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Sand

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Footprint in Sand near Morrow Bay, California. Image provided by Classroom Clip Art (http://classroomclipart.com)
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Footprint in Sand near Morrow Bay, California. Image provided by Classroom Clip Art (http://classroomclipart.com)

Sand is an example of a class of materials called granular matter. Sand is a naturally occurring, finely divided rock, comprising particles or granules ranging in size from 0.063 to 2 mm. An individual particle in this range size is termed a sand grain. The next smaller size class in geology is silt: particles below 0.063 mm down to 0.004 mm in size. The next larger size class above sand is gravel, with particles ranging up to 64 mm (see grain size for standards in use).

The most common constituent of sand in inland continental settings and non-tropical coastal settings, is silica (silicon dioxide), usually in the form of quartz because of the considerable hardness of this mineral. However, the composition of sand varies according to local rock sources and conditions. The bright white sands found in tropical and subtropical coastal settings is ground-up limestone. Arkose is a sand or sandstone with considerable feldspar content which is derived from the weathering and erosion of a usually nearby granite. Some locations have sands that contain magnetite, chlorite, glauconite, or gypsum. Sands rich in magnetite are dark to black in color, as are sands derived from volcanic basalts. The chlorite-glauconite bearing sands are typically green in color, as are sands derived from basalts (lavas) with a high olivine content. The gypsum sand dunes of the White Sands National Monument in New Mexico are famous for their bright, white color. Sand deposits in some areas contain garnets and other resistant minerals, including some small gemstones.

Beach and Sand, Tulum Mexico. Image provided by Classroom Clip Art (http://classroomclipart.com)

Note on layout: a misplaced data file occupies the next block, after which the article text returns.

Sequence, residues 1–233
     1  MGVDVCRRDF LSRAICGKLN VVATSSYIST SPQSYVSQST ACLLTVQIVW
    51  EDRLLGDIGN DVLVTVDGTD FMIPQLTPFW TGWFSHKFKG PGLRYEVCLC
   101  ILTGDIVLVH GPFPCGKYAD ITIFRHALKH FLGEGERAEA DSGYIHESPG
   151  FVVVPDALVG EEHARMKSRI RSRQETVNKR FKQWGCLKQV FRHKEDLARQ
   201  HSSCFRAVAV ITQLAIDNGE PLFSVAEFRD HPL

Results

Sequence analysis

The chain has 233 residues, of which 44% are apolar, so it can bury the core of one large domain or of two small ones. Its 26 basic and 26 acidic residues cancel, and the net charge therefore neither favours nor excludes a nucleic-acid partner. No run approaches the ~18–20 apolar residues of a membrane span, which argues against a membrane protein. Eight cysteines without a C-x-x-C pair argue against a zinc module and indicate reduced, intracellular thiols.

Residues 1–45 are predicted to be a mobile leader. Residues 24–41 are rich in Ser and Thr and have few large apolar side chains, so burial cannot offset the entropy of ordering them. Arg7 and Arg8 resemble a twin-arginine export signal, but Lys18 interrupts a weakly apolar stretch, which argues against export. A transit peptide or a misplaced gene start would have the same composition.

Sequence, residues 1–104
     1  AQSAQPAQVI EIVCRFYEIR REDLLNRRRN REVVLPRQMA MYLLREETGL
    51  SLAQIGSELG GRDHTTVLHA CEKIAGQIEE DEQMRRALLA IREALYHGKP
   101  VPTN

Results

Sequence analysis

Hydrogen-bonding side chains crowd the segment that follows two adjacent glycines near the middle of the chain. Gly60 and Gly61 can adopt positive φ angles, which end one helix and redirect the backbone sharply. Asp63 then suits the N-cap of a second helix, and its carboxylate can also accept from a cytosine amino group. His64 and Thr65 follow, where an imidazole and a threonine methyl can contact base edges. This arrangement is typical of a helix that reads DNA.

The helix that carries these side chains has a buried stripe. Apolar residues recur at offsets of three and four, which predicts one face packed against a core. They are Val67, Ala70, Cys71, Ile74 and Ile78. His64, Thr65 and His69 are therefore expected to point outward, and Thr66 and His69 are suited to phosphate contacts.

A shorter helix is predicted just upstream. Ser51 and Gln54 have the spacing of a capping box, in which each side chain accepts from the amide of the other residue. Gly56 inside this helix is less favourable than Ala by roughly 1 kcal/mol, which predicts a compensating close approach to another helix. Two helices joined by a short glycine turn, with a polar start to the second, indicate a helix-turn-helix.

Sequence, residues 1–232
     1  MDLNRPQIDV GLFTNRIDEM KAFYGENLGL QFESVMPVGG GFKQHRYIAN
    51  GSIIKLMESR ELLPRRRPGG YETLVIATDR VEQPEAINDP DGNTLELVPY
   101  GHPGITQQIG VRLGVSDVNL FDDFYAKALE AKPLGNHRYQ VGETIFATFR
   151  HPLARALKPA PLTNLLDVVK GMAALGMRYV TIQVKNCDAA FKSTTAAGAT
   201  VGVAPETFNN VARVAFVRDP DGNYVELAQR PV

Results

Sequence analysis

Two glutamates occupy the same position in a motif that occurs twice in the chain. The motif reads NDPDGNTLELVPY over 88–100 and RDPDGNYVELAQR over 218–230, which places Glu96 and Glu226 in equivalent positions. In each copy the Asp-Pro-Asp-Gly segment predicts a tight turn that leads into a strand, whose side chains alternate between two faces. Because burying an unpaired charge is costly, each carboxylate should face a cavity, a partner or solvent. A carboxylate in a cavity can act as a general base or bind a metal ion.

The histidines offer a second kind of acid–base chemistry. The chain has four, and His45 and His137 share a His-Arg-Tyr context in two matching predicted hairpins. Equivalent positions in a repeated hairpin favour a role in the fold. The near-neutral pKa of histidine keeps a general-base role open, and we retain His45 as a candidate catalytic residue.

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Beach and Sand, Tulum Mexico. Image provided by Classroom Clip Art (http://classroomclipart.com)

Sand is transported by wind or water and deposited in the form of beaches, dunes, sand spits, sand bars, and the like. In a desert, sand is a dominant constituent of the soil.

The study of sand is called arenology.

Uses of sand

Sand is often a principal component of the aggregate used in the preparation of concrete. Sand manufactured at rock crusher plants for use as an aggregate is called mansand. Graded sand is used as an abrasive in sandblasting and is also used in media filters for filtering water.

Sandy soils are ideal for certain crops such as watermelons and peanuts and are often preferred for intensive dairy farming because of their excellent drainage characteristics.

Sand bags are used for protection against floods and gun fire. They can be easily transported when empty, and filled with local sand.

People, especially children, love to play with sand on a beach or in a sandbox. See sand art and play for details.

Hazards of sand

Bags of sand now typically carry labels warning the user to wear respiratory protection and avoid breathing the fine silica dust. There have been a number of lawsuits in recent years where workers have sought damages after they developed silicosis, a lung disease caused by inhalation of fine silica particles.

People have been severely injured and even killed after digging sand "caves" in large dunes, sandhills, or even on beaches when the cave or tunnel collapsed upon them.

See also

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